Intelligent Design. We all know the words, but what do they really mean? The Net is full of posts that claim to divulge the secrets to intelligent design, but to put it in a straightforward manner, there aren’t any ‘secrets’. There are just principles.
This is a post about those principles. We at Code Brew labs take design pretty seriously, and have a dedicated extension named Allurive that is a testament to this fact. Design is not just about fine tuning the details for those with OCD – it’s about creating the ultimate user experience.
For most, ‘ultimate’ is often something that is full of complications and lofty goals. But more often than not, it’s about studying the human psyche through one’s own eyes. The rest is simply application.
Humans have a fine line when it comes to paying attention.
So where do you make the user look? Here, empathy is key. When you swipe right and left through the myriad world of apps, there are some interfaces that you end up liking – without giving enough thought as to ‘why’. Well, it is the designer’s job to think about it and we’re here to tell you what might just work.
The UI/UX designer has to be mindful when it comes to site design and eyeball grabbing, especially when company’s income may be dictated by people who visit the site and need to press one single button to get onto a profitable call.
A potential client may just go over to another site because you couldn’t keep them engaged – the world is at their fingertips, and time isn’t a luxury everyone has. The creative side and the technical side can get carried away, especially if a skilled designer can execute every whim and fantasy.
Crowding the site with heavily visual elements and a slow loading page – or your app that tasks the processor of the smartphone is a big no-no. If your app or website are full of potential things that grab their attention, you risk dividing it.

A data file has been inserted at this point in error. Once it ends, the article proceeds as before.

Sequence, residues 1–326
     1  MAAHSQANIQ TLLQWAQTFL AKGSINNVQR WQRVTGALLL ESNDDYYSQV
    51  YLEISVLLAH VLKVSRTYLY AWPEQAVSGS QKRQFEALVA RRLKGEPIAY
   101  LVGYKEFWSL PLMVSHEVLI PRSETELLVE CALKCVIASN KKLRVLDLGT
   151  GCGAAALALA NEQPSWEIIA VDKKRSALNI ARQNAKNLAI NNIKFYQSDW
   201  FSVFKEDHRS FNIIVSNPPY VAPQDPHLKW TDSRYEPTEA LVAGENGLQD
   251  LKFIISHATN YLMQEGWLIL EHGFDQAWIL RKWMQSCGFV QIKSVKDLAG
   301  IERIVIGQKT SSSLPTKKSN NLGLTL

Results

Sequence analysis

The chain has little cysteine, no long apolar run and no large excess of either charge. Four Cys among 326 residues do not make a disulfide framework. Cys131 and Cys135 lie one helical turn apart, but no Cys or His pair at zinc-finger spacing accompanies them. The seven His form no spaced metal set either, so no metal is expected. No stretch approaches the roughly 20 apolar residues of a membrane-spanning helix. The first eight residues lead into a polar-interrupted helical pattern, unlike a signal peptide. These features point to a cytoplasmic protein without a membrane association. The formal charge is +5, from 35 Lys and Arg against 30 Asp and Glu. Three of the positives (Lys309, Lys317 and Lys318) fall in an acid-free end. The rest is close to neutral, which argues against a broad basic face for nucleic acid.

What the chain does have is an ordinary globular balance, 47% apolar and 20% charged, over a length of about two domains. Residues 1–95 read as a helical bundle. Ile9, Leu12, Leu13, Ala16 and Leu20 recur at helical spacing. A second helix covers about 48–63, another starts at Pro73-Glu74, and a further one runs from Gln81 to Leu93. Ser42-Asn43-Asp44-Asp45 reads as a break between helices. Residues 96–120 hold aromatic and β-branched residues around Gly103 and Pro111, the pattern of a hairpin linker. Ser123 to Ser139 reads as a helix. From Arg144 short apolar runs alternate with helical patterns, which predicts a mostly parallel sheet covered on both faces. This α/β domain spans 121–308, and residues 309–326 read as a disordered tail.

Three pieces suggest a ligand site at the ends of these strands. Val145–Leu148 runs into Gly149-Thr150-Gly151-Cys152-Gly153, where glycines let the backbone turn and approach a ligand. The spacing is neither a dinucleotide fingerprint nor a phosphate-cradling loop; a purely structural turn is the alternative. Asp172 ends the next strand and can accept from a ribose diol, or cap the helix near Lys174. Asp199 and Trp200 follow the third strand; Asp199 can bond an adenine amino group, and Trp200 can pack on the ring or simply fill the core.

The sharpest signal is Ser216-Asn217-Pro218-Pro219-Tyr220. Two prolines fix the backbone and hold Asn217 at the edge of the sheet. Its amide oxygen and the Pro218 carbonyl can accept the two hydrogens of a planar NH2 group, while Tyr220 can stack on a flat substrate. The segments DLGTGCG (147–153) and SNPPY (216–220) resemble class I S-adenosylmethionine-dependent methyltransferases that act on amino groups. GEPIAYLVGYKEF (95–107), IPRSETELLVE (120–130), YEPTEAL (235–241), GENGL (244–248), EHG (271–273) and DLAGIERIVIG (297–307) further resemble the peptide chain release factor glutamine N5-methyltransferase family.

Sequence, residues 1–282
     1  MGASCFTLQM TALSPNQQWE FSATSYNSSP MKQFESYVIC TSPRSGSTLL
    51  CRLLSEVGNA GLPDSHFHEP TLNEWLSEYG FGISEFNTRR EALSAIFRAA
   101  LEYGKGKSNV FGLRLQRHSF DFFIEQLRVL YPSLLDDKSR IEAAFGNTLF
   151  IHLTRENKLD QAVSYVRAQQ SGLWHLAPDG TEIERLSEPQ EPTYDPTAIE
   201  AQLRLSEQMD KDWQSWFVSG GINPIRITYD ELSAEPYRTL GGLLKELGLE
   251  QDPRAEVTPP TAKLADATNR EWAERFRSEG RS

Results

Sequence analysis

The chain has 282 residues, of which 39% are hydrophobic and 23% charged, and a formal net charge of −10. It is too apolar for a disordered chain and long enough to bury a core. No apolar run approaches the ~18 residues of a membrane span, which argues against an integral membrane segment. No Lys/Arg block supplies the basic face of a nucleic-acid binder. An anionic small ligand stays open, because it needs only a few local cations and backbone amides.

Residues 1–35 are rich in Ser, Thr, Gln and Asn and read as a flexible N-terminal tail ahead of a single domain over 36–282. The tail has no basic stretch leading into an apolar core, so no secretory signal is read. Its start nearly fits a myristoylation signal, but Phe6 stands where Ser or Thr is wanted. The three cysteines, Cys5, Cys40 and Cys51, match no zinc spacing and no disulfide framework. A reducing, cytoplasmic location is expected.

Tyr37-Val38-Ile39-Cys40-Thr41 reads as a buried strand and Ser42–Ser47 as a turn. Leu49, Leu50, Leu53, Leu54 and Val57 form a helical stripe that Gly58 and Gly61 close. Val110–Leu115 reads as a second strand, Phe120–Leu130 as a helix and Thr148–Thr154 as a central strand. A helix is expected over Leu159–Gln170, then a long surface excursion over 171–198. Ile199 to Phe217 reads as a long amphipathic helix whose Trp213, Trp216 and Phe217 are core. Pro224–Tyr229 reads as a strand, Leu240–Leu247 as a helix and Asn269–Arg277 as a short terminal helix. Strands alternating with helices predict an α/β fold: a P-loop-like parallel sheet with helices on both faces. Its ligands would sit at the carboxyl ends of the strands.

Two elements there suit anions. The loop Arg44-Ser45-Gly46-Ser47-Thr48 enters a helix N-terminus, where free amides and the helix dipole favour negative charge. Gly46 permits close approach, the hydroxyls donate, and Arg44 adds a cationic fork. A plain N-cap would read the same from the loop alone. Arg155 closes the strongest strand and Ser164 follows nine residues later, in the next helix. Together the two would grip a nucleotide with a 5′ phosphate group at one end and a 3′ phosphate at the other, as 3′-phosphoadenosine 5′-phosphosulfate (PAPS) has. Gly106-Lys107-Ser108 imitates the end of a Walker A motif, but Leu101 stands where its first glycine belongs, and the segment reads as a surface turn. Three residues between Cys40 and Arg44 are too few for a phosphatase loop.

Thus, one of the first things that you need to do is to know how to preserve the Economy of Vision.
Consumer decisions require viewing displays with several alternatives and then rapidly choosing one. When you scroll through Zomato for a quick meal, your mind is processing pretty fast – and you don’t want to feed it even more information than needed.
When you think about the kind of process that goes into choosing the right meal, your brain can be capable of quite a convoluted mechanism.
Of course, understanding a little bit about how the mind works when it makes these decisions is crucial – this is where psychology comes in. Another field that helps is the science of beauty – or aesthetics. Of course, all designers cannot be accomplished psychologists by profession – so a little research can go a long way!
Drill this fact into your head – the User comes first. This may seem like every other marketing gimmick, but the designer has to understand that he/she is making a product, or a site targeting others – and not always the self.